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Indybay FeatureRelated Categories: California | Central Valley | Education & Student Activism | Government & Elections | Racial Justice
Interview with Sacramento State student Chiitaanibah Johnson, Navajo/Maidu
Note: This interview was done in the spirit of indigenous people working together and supporting our youth, in accordance with traditional native cultural values. - Francisco Dominguez, Tarahumara.
Chiitaanibah Johnson speaks at CSUS Indigenous Peoples Day Rally on the quad October 12th, 2015. Photo: Francisco Dominguez 2015 Copyright.
Interview with Sacramento State student Chiitaanibah Johnson, Navajo/Maidu
by Francisco Dominguez and Dan Bacher
Q: Explain the events that led to a part time adjunct history teacher, Maury Wiseman, disenrolling you from his class, American History 17A, a requirement at Sacramento State University. This is a controversy that has gained national media attention.
A: Wednesday was the second class of the Semester with Professor Wiseman. Wiseman said to the class, “I don’t like to use the word genocide because it implies that [the decimation of American Indians] was on purpose, and most natives were wiped out by European diseases.” (See Johnson's opinion piece in the State Hornet: http://www.statehornet.com/opinion/editorials/native-american-student-at-sac-state-shares-her-story/article_80b5aef2-7891-11e5-b761-3b3a72e543b9.html)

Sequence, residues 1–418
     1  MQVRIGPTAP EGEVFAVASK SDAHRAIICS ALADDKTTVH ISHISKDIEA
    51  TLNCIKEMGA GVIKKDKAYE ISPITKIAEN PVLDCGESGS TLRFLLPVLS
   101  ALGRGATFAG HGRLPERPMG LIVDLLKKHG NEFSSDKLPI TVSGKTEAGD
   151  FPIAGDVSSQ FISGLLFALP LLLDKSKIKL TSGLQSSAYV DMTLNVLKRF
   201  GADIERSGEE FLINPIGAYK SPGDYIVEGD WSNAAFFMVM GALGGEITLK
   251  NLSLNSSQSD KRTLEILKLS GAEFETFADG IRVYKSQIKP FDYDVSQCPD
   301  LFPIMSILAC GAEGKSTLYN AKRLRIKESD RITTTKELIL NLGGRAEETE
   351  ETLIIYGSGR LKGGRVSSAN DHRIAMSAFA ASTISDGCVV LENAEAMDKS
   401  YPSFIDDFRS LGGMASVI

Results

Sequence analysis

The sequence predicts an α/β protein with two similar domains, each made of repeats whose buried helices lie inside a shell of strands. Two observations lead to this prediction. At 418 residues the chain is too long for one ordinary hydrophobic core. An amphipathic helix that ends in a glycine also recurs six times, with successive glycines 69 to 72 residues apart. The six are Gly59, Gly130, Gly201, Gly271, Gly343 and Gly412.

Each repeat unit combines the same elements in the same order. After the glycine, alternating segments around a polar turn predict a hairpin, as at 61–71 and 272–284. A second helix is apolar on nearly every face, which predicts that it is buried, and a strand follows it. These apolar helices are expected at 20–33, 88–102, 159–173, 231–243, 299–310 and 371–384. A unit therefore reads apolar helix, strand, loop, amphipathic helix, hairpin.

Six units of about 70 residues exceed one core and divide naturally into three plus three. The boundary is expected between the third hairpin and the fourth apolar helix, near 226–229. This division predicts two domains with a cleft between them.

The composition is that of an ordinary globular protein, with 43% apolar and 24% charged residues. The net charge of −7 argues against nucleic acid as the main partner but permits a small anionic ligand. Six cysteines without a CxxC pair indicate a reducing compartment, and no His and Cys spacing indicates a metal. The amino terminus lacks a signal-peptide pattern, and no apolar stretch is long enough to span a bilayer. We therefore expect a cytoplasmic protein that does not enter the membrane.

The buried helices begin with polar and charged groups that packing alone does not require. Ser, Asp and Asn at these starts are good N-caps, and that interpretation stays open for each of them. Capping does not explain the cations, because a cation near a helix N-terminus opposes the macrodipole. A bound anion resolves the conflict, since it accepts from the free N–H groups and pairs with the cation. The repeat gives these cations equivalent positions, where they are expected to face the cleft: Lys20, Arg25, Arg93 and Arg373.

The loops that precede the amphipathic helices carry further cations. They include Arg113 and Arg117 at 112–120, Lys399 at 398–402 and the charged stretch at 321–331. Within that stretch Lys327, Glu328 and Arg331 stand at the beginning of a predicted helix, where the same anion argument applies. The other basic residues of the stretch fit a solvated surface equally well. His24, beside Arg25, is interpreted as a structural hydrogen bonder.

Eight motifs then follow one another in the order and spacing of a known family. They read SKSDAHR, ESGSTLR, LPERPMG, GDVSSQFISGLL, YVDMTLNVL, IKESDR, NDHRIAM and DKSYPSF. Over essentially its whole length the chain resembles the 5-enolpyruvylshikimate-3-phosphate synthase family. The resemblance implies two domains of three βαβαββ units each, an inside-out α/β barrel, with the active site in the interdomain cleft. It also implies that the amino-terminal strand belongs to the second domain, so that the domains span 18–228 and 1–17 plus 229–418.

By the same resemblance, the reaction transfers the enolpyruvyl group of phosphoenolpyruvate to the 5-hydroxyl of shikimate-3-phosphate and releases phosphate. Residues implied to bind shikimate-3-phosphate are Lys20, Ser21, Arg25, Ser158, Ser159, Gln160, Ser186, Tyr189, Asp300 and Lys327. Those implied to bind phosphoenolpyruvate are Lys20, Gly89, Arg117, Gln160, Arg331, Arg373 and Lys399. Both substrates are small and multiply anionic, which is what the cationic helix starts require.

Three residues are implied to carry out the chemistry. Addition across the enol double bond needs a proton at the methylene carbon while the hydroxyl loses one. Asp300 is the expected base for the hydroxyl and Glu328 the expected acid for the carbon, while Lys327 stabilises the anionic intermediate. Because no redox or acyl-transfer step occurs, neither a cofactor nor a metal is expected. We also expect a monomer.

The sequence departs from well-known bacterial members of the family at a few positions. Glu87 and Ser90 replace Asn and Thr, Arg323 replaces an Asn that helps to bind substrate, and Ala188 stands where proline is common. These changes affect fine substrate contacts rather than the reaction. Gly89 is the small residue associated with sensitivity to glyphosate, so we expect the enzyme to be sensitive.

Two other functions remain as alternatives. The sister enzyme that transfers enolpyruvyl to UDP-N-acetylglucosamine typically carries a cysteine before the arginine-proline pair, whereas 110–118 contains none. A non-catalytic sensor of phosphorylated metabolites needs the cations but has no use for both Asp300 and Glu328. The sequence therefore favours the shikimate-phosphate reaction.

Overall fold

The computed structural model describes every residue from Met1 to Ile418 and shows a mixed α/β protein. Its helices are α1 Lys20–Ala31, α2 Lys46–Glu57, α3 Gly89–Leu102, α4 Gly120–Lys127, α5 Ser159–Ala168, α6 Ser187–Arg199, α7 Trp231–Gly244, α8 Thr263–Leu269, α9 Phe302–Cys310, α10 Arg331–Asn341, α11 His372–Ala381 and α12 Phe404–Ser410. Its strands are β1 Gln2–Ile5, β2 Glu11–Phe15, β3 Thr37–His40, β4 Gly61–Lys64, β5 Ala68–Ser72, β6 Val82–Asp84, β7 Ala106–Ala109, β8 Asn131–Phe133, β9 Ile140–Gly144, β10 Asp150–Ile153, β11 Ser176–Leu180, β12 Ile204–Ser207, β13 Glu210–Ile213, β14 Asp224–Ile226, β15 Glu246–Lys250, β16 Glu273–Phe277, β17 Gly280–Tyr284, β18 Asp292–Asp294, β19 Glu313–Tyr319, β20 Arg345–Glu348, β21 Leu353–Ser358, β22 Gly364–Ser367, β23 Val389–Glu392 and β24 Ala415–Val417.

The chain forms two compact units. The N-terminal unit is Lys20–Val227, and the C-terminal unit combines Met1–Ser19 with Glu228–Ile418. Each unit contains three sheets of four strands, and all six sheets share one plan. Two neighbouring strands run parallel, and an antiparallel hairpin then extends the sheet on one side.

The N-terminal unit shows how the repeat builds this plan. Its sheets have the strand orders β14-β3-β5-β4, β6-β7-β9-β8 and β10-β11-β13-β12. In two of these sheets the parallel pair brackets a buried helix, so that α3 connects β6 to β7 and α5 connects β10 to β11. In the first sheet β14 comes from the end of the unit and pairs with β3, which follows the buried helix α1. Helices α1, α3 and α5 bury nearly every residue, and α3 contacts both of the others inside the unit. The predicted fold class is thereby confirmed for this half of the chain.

I didn’t respond at that time because I knew I was too mad and emotional about his comments. I took notes of what he said - and I had to prepare something factual to respond to his comments.
One the second day of the class, Wiseman made the point that native people had full agency over their land and were fighting one another over resources, including requickening other Tribes’ children, before Europeans arrived. He said the Europeans didn’t introduce violent relationships – they only just changed the relationships.
He was very careful to say that they weren’t savages – that they had intrinsic cultures and societies. This was almost worse – that they were intelligent and were doing this.
Q: So when did you speak out in class?
A: It was when he talked about, in the context of European exploration, how the Portuguese were “poor, hungry and decimated and how they through ambition, bravery and innovation” made friends on their way along the coast of Africa, down to the Cape and then to India and became one of the wealthiest populations.
He glossed over slavery, and at this point, I was thinking that I should raise my hand, since he left the slave trade out of the discussion, instead moving on to talking about the Lateen sails of the Portuguese.
I then raised my hand and said I understand the context of exploration and don’t feel that the Portuguese were “brave starving souls with ambition” – and pointed out that he omitted talking about the active decimation they were engaged in in order to attain that wealth.